Agents Technology for Ubiquitous Computing

  • Start date: 01.01.2003
  • End date: 31.08.2010
  • Funded by: Universität Augsburg
  • Local head of project: Prof. Dr. Theo Ungerer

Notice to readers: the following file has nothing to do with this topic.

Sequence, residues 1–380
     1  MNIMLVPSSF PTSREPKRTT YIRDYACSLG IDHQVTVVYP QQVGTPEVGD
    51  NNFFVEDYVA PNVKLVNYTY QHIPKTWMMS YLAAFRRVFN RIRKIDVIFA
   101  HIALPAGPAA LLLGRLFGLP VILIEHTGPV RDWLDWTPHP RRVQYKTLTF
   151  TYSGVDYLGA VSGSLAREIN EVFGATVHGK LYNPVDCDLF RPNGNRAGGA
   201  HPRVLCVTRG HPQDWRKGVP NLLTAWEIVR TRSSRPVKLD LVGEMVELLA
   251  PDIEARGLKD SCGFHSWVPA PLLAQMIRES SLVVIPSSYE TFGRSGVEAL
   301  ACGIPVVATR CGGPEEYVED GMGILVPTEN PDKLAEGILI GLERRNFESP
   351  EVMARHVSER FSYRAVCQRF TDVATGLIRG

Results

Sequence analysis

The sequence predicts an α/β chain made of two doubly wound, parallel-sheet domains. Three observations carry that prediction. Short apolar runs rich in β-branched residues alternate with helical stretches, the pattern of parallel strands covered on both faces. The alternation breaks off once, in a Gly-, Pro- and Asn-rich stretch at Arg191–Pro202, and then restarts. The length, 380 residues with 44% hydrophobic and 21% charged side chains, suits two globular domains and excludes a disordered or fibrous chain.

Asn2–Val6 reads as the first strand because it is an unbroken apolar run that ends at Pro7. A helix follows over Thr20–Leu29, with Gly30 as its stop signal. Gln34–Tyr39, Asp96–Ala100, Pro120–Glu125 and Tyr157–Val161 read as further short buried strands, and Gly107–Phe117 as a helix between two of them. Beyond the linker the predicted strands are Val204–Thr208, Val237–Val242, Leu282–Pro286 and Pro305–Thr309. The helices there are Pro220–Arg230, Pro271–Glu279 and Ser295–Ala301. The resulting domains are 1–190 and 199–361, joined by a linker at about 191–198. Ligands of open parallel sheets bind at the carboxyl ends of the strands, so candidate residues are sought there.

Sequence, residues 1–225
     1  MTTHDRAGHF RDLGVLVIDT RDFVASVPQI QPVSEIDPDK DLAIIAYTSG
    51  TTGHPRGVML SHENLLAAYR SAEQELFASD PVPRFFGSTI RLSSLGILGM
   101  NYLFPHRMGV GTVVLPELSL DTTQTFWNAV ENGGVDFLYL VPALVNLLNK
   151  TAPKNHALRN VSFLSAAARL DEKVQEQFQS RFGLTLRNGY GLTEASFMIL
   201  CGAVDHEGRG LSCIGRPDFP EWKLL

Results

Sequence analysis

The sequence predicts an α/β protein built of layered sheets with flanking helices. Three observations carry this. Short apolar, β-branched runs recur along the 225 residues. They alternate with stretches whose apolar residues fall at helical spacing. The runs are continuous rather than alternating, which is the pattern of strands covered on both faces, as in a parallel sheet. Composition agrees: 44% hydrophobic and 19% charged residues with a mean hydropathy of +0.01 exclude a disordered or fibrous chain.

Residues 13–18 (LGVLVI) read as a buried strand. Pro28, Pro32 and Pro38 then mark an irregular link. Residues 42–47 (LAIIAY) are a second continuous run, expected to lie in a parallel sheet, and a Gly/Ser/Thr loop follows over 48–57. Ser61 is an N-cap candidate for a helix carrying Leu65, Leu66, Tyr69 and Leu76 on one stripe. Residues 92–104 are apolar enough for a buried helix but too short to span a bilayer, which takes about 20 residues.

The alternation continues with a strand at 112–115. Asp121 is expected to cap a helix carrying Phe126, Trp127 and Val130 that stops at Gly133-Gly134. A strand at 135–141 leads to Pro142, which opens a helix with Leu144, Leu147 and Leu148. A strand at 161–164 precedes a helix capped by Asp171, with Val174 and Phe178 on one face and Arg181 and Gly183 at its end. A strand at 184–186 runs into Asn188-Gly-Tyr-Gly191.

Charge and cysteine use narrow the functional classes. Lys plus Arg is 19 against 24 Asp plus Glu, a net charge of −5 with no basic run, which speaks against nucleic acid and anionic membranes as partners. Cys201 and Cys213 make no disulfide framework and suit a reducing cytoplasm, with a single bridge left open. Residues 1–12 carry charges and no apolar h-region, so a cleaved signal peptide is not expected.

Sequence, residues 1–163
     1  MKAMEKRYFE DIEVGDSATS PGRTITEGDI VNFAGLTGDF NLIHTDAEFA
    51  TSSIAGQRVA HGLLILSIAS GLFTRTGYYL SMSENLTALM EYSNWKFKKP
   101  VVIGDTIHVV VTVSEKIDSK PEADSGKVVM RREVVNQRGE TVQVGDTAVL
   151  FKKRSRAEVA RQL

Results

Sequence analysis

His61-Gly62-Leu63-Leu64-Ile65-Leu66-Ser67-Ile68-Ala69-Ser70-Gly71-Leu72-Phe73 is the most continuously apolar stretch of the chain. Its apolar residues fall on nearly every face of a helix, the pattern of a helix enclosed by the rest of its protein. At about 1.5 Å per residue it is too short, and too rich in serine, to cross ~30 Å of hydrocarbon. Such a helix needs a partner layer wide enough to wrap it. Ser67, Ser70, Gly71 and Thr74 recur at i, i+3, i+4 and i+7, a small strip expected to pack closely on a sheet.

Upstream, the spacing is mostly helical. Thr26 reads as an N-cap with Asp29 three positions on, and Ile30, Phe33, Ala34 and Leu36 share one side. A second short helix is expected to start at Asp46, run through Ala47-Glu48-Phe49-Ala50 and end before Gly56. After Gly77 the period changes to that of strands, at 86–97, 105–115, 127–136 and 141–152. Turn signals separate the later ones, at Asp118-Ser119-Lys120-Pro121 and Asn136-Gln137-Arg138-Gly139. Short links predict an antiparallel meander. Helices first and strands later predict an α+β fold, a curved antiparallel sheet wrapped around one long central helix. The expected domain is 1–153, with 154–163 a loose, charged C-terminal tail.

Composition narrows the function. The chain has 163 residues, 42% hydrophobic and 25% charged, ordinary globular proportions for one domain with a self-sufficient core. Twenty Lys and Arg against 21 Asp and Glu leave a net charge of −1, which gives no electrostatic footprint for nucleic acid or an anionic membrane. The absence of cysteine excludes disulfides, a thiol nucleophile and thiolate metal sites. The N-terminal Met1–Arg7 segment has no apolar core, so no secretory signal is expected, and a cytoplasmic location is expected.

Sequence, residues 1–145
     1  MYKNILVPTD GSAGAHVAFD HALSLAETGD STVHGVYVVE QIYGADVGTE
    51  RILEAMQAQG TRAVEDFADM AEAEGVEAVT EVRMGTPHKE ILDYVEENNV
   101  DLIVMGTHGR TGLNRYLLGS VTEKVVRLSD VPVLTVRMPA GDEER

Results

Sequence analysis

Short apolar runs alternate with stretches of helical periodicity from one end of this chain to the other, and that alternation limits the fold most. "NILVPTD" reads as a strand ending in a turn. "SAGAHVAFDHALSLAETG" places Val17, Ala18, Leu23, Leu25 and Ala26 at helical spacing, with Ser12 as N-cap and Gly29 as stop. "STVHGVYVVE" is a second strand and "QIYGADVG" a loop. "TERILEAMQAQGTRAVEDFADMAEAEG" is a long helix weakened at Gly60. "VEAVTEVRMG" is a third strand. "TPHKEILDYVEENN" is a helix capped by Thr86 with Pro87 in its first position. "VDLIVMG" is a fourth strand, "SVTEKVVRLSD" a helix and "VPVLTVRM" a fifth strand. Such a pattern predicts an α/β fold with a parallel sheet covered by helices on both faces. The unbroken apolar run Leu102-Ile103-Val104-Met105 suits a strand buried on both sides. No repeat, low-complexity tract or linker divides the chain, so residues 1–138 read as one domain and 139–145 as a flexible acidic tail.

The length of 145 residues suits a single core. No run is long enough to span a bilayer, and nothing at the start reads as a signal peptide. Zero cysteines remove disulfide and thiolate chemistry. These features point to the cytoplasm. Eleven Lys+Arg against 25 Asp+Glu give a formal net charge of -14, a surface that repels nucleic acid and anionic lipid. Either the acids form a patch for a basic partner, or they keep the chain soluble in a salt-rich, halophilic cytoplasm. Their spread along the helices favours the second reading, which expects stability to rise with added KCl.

The next generation of computers will be embossed by ubiquitous systems. The computer will disappear behind daily things and will support people in their everyday life. New location-based services will be adapted to user preferences. For this the ubiquitous system needs to know user profiles, likings, habits, and the current location. The amount of data will rapidly rise with new types of devices, like sensors and wearables. The efficient processing of the data by a centralized system will not be possible anymore. The paradigm of mobile agents offers a convenient approach to combine personal interests of users and the requirements of a ubiquitous distributed system. Mobile agents build basically the highest stage of decentralisation. Personal information can be encapsulated by a mobile agent and can be used for location-based services on behalf of the user. The idea presented in this work is that a user is accomplished by a virtual reflection in form of a mobile agent in the ubiquitous environment. The reflective agent is used in a new developed ubiquitous mobile agent system called UbiMAS. UbiMAS implements several security functions that protect the reflective agent and therewith the sensitive personal data of the user. A flexible office building with smart doorplates is established as a ubiquitous environment where reflective agents perform different services. The implementation has proved functionality in practical usage and various presentations. UbiMAS was installed on high-performance PCs as well as on mobile PDAs that communicated wireless over WLAN or Bluetooth. However the full security functionality of UbiMAS is realisable only on PCs at the current stage of technology.